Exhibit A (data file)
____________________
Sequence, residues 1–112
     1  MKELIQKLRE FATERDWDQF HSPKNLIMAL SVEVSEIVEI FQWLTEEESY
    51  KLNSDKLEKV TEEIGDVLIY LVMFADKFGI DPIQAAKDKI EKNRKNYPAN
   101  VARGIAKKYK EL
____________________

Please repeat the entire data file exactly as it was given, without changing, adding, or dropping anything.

Sequence, residues 1–112
     1  MKELIQKLRE FATERDWDQF HSPKNLIMAL SVEVSEIVEI FQWLTEEESY
    51  KLNSDKLEKV TEEIGDVLIY LVMFADKFGI DPIQAAKDKI EKNRKNYPAN
   101  VARGIAKKYK EL